Lei, Sheng-Bin; Deng, Ke; Yang, De-Liang; Zeng, Qing-Dao; Wang, Chen

2006-01-26

 
 
 
 
401

Scanning tunneling microscopy and spectroscopy of the chain layer in YBa2Cu3O7-x  

International Nuclear Information System (INIS)

The authors review the recent results on the surface structure and spectroscopy of the chain layer of YBa2Cu3O7-x obtained with a low temperature scanning tunneling microscope. Foremost is the discovery of a long wavelength (?1.3nm) modulation of the electronic density along the CuO chains, which has now been confirmed by neutron diffraction to also exist in the bulk. Spectroscopically, they observe an energy gap (20--25 meV) which disappears near oxygen vacancies. They also give experimental details not previously published

1996-02-02

402

Dynamics of Au (001) Surface in Electrolytes: In-Situ Coherent X-ray Scattering and Scanning Tunneling Microscopy  

Digital Repository Infrastructure Vision for European Research (DRIVER)

We studied dynamics of Au (001) surface in situ in 0.1 M HClO4 electrolyte solution using both coherent x-ray scattering and scanning tunneling microscopy (STM). The surface of Au (001) is known to reconstruct at cathodic potentials; the reconstruction lifts at anodic potentials. In our in-situ STM experiments, the measurements focus on time-dependent progressions of surface morphology during slow potential sweep. In our in-situ coherent x-ray scattering measurements, we dem...

Pierce, M. S.; Komanicky, V.; Barbour, A.; Hennessy, D. C.; Su, J. -d; Sandy, A.; Zhu, C.; You, H.

2011-01-01

403

Connection of a Scanning Tunneling Microscope with a Molecular Beam Epitaxy Chamber and Analysis of the Vibration Isolation System  

Digital Repository Infrastructure Vision for European Research (DRIVER)

A scanning tunneling microscope has been connected to a high vibrating commercial Molecular Beam Epitaxy (MBE) system, in order to study InGaAs layers grown on InP. An original and well efficient vibration isolation system has been designed and built: the microscope support, stiffly linked to a vibration free inert mass has been connected through a highly flexible bellow to the MBE system. The main characteristic of this design is a low transmission factor at low frequencies. A detailed analy...

Krapf, P.; Laine?, J. P.; Robach, Y.; Porte, L.

1995-01-01

404

Observation of photoactive yellow protein anchored to a modified Au(1 1 1) surface by scanning tunneling microscopy  

Science.gov (United States)

The adsorption of photoactive yellow protein (PYP) on a Au(1 1 1) surface and its fluorescence activity have been studied by electrochemical scanning tunneling microscopy (EC-STM) and fluorescence photometry. A stable, densely packed protein layer was observed after protein immobilization onto a Au(1 1 1) surface modified with a mixture of 3-mercaptopropanoic acid (3-MPA) and 11-mercaptoundecanoic acid (11-MUA) and subsequent formation of the amide bond with the use of N-hydroxysuccinimide and carbodiimide. Fluorescence photometry data indicate that covalent binding of PYP to the functionalized Au(1 1 1) surface does not interfere with the fluorescence properties of the native protein.

Rze?nicka, Izabela I.; Wurpel, George W. H.; Bonn, Mischa; van der Horst, Michael A.; Hellingwerf, Klaas J.; Matsunaga, Soichiro; Yamada, Taro; Kawai, Maki

2009-04-01

405

Low-dimensional NbO structures on the Nb(110) surface: scanning tunneling microscopy, electron spectroscopy and diffraction  

Digital Repository Infrastructure Vision for European Research (DRIVER)

X-ray photoelectron spectroscopy and diffraction (XPS, XPD) and scanning tunneling microscopy (STM) have been used for study of NbOx-structures on the Nb(110) surface. It is shown that niobium atoms are ordered to form a two-dimensional superstructure with equidistant spacing between the chains of niobium atoms. Chemical shifts of Nb3d- and O1s-levels demonstrate that the oxide layer corresponds to niobium monoxide NbO and the most part of oxygen in chemisorbed state is loca...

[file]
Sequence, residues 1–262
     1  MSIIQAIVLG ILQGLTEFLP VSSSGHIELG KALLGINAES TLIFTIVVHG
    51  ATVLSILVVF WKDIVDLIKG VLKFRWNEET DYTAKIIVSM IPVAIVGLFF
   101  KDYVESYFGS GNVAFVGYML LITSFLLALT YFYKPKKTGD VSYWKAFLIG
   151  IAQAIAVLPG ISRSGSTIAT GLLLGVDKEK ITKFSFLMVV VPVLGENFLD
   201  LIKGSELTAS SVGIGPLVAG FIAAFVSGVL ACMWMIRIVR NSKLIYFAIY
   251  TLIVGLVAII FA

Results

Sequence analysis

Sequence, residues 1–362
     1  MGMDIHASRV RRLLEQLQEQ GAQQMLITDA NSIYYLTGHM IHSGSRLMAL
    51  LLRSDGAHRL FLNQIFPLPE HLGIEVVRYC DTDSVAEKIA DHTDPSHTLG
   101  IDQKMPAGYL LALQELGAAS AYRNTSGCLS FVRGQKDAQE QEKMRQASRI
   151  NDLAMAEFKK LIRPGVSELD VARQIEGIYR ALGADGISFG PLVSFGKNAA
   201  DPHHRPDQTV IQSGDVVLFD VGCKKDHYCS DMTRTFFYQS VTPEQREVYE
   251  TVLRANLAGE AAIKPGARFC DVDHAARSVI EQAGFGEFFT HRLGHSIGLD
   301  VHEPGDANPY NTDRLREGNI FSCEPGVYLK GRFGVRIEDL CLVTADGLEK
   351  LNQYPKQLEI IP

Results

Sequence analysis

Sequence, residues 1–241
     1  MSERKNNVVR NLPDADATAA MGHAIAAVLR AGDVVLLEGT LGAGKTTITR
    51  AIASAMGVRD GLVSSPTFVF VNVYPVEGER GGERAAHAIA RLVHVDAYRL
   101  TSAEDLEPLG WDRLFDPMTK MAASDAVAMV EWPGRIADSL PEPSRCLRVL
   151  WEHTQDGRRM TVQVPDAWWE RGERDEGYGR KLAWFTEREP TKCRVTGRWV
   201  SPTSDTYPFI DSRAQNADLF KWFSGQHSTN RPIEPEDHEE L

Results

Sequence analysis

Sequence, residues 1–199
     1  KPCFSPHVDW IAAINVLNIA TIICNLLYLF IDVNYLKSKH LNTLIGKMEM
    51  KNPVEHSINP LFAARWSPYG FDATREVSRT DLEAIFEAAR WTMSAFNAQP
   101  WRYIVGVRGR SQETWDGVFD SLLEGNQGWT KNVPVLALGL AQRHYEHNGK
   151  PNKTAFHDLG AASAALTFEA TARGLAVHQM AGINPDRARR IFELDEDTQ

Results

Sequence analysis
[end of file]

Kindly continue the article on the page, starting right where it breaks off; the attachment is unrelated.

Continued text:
Razinkin, A. S.; Shalaeva, E. V.; Kuznetsov, M. V.

2008-01-01

406

GaSb/GaAs quantum dot formation and demolition studied with cross-sectional scanning tunneling microscopy  

Digital Repository Infrastructure Vision for European Research (DRIVER)

We present a cross-sectional scanning tunneling microscopy study of GaSb/GaAs quantum dots grown by molecular beam epitaxy. Various nanostructures are observed as a function of the growth parameters. During growth, relaxation of the high local strain fields of the nanostructures plays an important role in their formation. Pyramidal dots with a high Sb content are often accompanied by threading dislocations above them. GaSb ring formation is favored by the use of a thin GaAs first cap layer an...

Smakman, E. P.; Garleff, J. K.; Young, R. J.; Hayne, M.; Rambabu, P.; Koenraad, P. M.

2012-01-01

407

Chain polymerization of diacetylene compound multilayer films on the topmost surface initiated by a scanning tunneling microscope tip.  

Science.gov (United States)

Chain polymerizations of diacetylene compound multilayer films on graphite substrates were examined with a scanning tunneling microscope (STM) at the liquid/solid interface of the phenyloctane solution. The first layer grew very quickly into many small domains. This was followed by the slow formation of the piled up layers into much larger domains. Chain polymerization on the topmost surface layer could be initiated by applying a pulsed voltage between the STM tip and the substrate, usually producing a long polymer of submicrometer length. In contrast, polymerizations on the underlying layer were never observed. This can be explained by a conformation model in which the polymer backbone is lifted up. PMID:17432888

Takajo, Daisuke; Okawa, Yuji; Hasegawa, Tsuyoshi; Aono, Masakazu

2007-05-01

408

Surface damage through grazing incidence ions investigated by scanning tunneling microscopy  

International Nuclear Information System (INIS)